The excellent Wall Street Journal series, What They Know, provides a feel for what these databases can mean for people. One story was about Linda Twombly, a 67-year-old woman who, when surfing the Internet, was flooded with ads for Republican candidates leading up to the 2010 primary elections. The Journal revealed that RapLeaf Inc had a profile on her that included her full name and identified her as a conservative who was interested in Republican politics and the Bible, and donated to political and environmental causes. “Holy smokes,” she said. “It is like a watchdog is watching me, and it is not good.” The Journal found that RapLeaf’s profiles included such sensitive information as a person’s household income range, age range, and political leaning; the gender and age of children in the household; and personal interests in topics including religion, the Bible, gambling, tobacco, adult entertainment, and “get rich quick” offers.

And this week we learn that The Scariest Thing About NSA Analysts Spying On Their Lovers [LOVEINT] Is How They Were Caught

So not only can the public add LOVEINT to the list of abuses by government workers with access to government databases, but lack of security mechanisms also means that nobody truly knows how widespread the abuses have been.

I feel safer already. Don’t you??

by msmolly

Over Easy: …one more thing

7:45 am in Uncategorized by msmolly

Cat peeking from couch


This morning there is more news on the surveillance state:

Facial Scanning is Making Gains in Surveillance.

Although the system is not ready for use, researchers say they are making significant advances. That alarms privacy advocates, who say that now is the time for the government to establish oversight rules and limits on how it will someday be used.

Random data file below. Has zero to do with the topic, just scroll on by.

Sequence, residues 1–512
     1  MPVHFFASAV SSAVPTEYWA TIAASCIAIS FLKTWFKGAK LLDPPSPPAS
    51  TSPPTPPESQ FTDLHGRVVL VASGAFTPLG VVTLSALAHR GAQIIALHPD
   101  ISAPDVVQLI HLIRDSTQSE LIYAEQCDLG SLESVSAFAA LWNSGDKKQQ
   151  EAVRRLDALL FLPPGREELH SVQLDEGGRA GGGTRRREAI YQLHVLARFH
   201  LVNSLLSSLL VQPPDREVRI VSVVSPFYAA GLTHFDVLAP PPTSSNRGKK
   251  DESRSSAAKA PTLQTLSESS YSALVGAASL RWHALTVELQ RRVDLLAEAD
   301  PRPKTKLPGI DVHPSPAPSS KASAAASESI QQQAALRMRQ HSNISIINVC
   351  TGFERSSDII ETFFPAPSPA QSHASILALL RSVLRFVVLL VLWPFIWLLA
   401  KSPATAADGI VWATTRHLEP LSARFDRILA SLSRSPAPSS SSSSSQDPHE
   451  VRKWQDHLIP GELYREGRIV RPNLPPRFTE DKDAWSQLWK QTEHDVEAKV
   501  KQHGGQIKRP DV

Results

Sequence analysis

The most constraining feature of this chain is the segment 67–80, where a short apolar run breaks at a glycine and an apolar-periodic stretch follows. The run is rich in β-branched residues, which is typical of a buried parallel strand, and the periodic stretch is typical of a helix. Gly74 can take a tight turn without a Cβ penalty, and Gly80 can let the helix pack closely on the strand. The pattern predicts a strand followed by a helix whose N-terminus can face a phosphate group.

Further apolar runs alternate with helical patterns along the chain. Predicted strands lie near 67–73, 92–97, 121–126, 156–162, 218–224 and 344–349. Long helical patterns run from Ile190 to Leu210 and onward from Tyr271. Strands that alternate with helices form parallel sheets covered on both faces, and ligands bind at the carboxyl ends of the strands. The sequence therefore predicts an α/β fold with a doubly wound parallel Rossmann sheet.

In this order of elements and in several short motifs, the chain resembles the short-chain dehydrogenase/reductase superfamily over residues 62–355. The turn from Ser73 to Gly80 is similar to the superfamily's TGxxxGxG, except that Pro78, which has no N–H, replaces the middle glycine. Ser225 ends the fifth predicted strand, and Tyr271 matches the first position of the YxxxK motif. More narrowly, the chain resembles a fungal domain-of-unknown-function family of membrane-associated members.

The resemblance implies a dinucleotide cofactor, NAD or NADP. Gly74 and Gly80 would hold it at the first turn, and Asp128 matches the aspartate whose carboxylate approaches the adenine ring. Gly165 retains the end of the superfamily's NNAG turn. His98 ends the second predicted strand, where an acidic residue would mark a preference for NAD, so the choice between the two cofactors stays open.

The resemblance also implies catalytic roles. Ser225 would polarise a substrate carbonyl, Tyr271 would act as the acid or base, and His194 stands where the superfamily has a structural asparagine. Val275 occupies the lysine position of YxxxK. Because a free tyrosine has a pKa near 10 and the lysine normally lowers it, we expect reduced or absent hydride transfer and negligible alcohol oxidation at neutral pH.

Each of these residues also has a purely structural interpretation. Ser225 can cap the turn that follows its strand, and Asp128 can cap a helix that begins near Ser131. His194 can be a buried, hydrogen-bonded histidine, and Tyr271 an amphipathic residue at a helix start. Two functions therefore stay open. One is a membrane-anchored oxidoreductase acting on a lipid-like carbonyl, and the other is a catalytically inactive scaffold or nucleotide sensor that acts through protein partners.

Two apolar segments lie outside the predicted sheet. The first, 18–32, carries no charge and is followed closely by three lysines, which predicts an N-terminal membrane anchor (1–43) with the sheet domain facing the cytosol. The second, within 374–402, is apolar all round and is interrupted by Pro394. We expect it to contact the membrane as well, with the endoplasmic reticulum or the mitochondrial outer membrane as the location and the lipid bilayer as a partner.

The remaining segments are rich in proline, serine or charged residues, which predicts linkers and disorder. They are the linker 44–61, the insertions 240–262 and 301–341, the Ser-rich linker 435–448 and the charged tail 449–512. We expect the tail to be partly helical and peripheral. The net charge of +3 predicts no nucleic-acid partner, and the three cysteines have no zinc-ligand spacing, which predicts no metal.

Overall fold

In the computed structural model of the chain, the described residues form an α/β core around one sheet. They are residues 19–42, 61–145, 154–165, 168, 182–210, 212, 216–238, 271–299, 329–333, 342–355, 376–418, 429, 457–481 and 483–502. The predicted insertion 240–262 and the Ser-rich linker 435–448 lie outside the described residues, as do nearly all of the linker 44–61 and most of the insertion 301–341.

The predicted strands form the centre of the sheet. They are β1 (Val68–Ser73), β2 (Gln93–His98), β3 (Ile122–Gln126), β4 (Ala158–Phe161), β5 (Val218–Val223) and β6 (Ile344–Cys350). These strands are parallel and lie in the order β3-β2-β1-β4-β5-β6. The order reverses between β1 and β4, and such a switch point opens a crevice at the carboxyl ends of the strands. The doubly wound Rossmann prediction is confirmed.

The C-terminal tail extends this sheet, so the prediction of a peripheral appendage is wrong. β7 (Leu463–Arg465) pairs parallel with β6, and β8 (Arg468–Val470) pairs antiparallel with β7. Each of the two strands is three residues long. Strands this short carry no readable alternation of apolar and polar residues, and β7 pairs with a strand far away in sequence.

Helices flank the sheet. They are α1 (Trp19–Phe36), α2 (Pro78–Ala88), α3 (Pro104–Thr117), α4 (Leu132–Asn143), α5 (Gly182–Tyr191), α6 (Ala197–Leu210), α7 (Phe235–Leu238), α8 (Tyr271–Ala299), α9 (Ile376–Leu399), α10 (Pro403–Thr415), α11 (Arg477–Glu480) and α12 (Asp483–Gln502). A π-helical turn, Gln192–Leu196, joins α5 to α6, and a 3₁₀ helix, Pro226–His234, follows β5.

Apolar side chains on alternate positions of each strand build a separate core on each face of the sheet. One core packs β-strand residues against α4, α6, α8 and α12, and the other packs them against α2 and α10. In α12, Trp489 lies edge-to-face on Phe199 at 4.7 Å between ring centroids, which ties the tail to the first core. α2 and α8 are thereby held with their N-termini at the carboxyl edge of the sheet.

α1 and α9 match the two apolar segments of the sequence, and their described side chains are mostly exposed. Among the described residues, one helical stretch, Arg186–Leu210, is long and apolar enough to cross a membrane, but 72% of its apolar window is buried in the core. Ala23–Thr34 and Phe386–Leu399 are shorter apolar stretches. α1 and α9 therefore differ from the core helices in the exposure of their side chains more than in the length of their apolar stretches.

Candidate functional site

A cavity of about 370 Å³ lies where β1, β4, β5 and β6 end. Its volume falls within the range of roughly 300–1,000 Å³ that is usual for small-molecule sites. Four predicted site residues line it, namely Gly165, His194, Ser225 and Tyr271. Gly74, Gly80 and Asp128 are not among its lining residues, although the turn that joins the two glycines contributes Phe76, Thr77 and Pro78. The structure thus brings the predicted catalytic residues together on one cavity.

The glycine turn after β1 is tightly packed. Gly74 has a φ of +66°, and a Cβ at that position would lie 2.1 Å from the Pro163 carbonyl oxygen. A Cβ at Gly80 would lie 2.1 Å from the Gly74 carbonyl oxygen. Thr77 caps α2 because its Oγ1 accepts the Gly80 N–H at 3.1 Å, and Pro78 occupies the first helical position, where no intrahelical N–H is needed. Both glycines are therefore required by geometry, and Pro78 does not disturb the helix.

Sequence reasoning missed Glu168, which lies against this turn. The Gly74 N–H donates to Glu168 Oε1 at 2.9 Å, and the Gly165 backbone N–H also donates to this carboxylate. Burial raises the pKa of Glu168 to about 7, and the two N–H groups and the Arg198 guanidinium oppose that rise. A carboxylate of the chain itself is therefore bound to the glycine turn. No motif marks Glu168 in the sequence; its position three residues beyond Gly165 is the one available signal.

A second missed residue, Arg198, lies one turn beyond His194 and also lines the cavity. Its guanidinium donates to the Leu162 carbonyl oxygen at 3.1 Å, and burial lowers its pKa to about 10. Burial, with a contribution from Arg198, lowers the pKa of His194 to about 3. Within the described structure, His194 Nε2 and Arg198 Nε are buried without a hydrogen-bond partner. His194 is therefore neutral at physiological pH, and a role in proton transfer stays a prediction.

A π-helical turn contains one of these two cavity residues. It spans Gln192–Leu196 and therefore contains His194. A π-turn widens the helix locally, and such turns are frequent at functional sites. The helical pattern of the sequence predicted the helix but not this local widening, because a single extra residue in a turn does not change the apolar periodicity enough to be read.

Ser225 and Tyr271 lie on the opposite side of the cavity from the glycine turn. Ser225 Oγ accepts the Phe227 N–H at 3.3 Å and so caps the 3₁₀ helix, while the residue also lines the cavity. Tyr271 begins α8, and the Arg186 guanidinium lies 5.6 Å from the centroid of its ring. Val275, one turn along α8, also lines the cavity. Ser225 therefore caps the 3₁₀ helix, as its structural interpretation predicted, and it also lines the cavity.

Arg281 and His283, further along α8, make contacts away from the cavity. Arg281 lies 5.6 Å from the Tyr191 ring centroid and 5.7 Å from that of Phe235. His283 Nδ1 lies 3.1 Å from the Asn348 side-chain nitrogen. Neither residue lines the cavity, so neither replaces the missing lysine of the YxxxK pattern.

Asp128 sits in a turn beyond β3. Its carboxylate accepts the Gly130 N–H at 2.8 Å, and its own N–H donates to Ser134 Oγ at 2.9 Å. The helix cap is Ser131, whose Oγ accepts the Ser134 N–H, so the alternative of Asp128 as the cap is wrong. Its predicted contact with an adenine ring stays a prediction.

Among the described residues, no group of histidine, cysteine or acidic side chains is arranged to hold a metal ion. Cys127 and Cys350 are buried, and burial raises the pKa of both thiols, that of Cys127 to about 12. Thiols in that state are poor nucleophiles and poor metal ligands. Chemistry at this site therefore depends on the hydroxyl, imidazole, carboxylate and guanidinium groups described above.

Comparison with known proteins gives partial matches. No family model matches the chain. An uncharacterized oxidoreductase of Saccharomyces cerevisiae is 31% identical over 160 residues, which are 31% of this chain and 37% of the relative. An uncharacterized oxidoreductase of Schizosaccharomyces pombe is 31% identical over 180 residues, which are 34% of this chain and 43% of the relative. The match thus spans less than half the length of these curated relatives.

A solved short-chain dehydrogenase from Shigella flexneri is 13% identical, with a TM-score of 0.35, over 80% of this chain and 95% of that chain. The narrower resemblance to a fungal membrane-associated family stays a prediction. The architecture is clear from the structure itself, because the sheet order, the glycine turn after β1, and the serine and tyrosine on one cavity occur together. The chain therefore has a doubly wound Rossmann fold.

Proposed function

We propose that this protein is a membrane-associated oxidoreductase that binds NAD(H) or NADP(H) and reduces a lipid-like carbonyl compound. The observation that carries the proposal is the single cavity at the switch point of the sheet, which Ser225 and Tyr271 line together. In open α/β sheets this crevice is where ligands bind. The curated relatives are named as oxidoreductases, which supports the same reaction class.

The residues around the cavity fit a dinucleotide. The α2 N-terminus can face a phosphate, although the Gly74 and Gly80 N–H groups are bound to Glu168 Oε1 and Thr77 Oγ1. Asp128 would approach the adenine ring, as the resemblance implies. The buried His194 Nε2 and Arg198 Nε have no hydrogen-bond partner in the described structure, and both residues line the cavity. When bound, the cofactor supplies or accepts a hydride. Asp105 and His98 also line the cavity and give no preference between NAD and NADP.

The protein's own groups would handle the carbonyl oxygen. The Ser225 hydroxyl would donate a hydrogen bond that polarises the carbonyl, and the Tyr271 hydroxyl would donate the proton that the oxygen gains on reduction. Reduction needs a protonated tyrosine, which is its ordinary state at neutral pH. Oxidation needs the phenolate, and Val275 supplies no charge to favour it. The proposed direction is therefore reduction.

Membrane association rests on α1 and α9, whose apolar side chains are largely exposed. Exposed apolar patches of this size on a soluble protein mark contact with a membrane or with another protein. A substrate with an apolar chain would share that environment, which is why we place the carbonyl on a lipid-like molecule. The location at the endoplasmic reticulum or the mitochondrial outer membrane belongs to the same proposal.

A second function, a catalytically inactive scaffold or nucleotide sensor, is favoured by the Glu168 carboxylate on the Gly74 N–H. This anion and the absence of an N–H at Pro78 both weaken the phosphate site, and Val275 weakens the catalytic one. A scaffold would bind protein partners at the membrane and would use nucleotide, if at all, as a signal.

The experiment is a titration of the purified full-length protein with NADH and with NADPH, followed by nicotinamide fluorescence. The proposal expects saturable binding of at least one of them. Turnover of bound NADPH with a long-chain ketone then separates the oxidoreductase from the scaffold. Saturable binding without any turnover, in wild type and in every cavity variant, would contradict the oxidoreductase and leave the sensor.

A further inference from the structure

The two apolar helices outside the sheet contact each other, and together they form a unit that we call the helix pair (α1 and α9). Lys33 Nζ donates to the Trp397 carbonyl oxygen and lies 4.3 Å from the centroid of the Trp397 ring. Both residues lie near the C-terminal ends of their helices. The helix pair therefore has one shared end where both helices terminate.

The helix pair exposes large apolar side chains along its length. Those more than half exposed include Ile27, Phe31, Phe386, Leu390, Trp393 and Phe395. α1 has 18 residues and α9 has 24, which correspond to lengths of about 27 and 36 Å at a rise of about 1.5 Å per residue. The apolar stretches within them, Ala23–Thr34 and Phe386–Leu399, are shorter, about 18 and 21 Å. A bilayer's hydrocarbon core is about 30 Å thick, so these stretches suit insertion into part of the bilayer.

They’re spending over $5.1M on this Facial Recognition Surveillance Program. But just yesterday a commenter on a Facebook post in my news feed trotted out the “if you have nothing to hide, who cares?” line.

Here’s a nifty graphic showing How the NSA Scours Internet Traffic in the U.S.

Meanwhile, the Obama administration asks the Supreme Court to allow warrantless cellphone searches. Is it my imagination, or is ObamaLLC becoming increasingly brazen in its surveillance? They’re not even trying to hide it.

And it’s not just the NSA. Turns out the NRA (yes, the National Rifle Association) has been building a massive database of gun owners, all the while screaming about the possibility of a national gun registry.

The organization’s database includes personal information from people who have attended gun-safety classes taught by NRA-certified instructors or gun shows. The NRA also collected gun permit information from state and county offices, as well as the names of gun magazine subscribers.

And as for involvement of the NSA’s internet “partners,” here is a disturbing commentary from the CEO of a company called Private WiFi.

What Google Knows

It doesn’t matter if you use ad-blocking or private browser features, Google still collects this data about you. Google stores all this information about you in giant databases so they can mine it, target ads with it, and run various algorithms with it.

…and share it with the NSA, presumably. Your Google Dashboard offers a simple view into the data associated with your Google Account if you have one, and most of us probably do. Might want to check it out!

Cat image by kevindooley, Creative Commons Attribution 2.0 Generic license

by msmolly

Over Easy …one more thing

7:45 am in Uncategorized by msmolly

Smallpox vaccine I’ve been following the uproar over ABC’s planned hire of Jenny McCarthy as one of the hosts of The View. ABC is hiring McCarthy to replace Elisabeth Hasselbeck, a right-winger whose contract wasn’t renewed because of her unpopularity with viewers, and who will jump to (surprise!) Fox.